A pivotal theme of the New Testament is that God has called sinful man to sonship through Jesus Christ in Baptism. Through the latter, man is restored, renewed, and reformed in the image of his Maker (Eph 4.23–24; Col 3.10; Ti 3 4–5). The life that was once in the world before sin and death gained entrance is restored to men through Jesus Christ, the second Adam (Rom 5.10–21; 1 Cor 15.21–22). The precondition for this is man's existence in a similar state at one point of his religious-moral history.
The same phenomenon manifests itself in the teaching of the Church. It is not as if the Church were directly concerned with Adam's original condition. Its real mission to preach and teach is directed to fallen and redeemed man. Humanity in its state of innocence is relevant as a factor required for a less inadequate grasp of what Jesus Christ has done for historical, guilty man. To restore is to give back what was lost; to restore justice and holiness implies man's possession of both at one time.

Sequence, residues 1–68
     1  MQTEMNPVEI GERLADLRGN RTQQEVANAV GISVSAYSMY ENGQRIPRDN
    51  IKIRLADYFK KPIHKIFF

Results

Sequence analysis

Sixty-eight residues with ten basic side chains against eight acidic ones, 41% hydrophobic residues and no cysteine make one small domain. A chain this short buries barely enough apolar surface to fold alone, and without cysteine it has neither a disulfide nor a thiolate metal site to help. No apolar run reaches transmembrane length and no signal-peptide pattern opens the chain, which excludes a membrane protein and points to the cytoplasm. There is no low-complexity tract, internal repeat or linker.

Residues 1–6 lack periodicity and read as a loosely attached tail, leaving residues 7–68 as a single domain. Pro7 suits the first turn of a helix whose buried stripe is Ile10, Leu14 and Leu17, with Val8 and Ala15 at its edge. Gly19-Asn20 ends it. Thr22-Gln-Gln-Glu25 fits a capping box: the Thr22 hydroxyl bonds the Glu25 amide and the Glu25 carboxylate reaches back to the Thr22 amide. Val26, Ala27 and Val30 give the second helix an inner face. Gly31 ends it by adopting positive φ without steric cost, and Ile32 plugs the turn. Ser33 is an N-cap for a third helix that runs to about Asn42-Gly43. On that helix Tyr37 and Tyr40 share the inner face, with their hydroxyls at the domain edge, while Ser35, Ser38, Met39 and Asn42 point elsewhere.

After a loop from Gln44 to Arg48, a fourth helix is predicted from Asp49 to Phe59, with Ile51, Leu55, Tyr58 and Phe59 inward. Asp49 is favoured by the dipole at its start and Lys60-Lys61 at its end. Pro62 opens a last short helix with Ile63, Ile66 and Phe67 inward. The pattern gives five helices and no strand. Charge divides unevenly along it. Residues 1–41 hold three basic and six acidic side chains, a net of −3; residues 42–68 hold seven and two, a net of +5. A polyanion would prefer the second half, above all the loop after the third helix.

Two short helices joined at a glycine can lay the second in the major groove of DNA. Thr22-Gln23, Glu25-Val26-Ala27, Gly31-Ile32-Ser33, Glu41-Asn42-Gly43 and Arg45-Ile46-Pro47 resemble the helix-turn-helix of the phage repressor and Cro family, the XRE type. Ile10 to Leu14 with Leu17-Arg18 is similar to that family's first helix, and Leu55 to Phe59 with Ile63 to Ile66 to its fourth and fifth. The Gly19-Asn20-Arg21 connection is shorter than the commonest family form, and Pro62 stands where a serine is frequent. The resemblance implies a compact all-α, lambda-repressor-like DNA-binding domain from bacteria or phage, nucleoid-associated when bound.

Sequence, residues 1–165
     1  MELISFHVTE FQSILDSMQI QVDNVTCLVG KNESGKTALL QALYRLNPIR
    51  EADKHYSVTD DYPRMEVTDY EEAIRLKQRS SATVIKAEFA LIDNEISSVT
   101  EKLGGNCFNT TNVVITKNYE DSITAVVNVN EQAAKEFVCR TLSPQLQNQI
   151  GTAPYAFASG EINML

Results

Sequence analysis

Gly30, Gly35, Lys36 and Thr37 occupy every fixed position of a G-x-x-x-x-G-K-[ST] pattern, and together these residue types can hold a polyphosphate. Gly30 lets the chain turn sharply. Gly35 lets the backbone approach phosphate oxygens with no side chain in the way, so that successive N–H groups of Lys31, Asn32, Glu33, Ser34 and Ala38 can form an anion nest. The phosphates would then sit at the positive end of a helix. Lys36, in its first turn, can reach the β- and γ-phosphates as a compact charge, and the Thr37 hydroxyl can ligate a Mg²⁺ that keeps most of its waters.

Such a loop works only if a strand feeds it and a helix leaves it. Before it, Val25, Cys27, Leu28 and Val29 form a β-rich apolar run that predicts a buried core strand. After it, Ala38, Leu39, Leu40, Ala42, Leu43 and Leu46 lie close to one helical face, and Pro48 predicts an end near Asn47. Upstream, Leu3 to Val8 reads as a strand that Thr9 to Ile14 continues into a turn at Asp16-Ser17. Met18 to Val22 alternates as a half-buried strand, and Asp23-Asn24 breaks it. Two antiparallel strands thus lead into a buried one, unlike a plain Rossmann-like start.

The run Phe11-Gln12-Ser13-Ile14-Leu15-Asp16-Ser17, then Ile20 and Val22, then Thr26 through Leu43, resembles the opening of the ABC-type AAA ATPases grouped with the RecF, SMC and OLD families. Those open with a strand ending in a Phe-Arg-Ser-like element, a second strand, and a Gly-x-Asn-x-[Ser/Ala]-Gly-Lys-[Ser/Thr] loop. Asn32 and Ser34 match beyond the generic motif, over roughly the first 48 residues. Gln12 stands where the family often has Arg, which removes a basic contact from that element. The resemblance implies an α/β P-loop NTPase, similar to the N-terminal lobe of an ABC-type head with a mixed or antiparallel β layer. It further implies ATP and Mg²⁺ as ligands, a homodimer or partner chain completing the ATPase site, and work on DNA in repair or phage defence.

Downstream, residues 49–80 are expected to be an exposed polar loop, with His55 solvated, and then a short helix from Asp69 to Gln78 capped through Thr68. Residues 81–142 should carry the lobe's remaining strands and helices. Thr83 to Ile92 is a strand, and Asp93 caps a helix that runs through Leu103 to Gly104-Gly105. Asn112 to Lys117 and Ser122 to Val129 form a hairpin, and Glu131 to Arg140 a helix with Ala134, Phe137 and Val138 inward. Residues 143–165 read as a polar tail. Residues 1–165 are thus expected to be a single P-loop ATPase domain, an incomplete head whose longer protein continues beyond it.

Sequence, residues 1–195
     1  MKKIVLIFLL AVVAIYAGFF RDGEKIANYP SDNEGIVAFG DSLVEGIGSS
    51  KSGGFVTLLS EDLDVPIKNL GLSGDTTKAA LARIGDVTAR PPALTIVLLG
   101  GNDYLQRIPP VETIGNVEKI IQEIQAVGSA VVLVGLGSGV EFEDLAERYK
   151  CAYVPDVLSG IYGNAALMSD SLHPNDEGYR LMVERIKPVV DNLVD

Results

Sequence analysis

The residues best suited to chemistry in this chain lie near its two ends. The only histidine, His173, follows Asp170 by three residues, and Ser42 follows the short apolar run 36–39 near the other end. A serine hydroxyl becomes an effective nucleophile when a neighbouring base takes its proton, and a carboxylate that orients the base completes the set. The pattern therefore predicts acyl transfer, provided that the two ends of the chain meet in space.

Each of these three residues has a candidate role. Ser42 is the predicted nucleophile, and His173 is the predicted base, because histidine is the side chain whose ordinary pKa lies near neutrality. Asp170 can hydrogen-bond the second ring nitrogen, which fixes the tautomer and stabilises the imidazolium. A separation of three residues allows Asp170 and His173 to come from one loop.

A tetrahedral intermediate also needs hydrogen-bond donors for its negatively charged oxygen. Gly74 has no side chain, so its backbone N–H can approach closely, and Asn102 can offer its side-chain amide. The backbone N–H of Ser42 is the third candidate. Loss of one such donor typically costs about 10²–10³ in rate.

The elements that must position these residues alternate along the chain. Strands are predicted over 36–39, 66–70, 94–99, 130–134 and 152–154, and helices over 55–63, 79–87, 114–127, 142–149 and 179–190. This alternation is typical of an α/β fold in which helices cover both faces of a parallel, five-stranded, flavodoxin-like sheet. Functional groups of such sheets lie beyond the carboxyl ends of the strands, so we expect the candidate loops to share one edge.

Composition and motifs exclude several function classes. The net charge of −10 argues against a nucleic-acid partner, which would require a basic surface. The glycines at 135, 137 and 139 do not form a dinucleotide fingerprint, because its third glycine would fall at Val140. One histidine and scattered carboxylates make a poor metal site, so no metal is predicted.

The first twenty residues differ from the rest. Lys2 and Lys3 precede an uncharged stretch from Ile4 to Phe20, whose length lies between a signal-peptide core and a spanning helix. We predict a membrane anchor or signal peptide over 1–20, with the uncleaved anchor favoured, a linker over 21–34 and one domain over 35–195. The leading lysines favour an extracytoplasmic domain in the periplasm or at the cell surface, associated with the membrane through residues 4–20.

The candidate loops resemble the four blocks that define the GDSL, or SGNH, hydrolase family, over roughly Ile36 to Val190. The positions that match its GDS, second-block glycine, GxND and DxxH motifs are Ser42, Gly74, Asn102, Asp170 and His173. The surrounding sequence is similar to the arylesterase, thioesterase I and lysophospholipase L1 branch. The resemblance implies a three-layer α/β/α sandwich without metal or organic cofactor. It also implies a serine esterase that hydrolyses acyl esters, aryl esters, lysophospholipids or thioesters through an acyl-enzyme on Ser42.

In view of this, it is not surprising that the teaching Church prescinded from defining certain questions regarding original justice. One of these was whether man was created immediately in this condition or in one where by divine assistance he was to dispose himself for the latter. Another was whether man in justice and holiness possessed sanctifying grace prior to the Fall. It is dogmatically tenable as well to hold that man was faced with a choice in the first moment of his existence (his response being negative—original sin). In this way original justice is a real, historical divine offer, one with definite effects in man, effects proposed immediately for man's acceptance or rejection. Even in this conception of things, it is still a gratuitous gesture on the part of a loving God, whose generosity does not leave humanity unaffected. Implied is an irrevocable invitation to a rational creature to share in the fellowship or life of the Trinity. Acceptance would have signified man's willingness to be thus transformed, elevated, supernaturalized—in a word, deified, but without losing his human condition. However, there were other gifts as well. One was immortality, the promise of life with immunity from the necessity of undergoing the death man now experiences. Another was integrity; effective commitment to the truly good was not to be accompanied by the difficulty man now feels because of internal conflict within himself.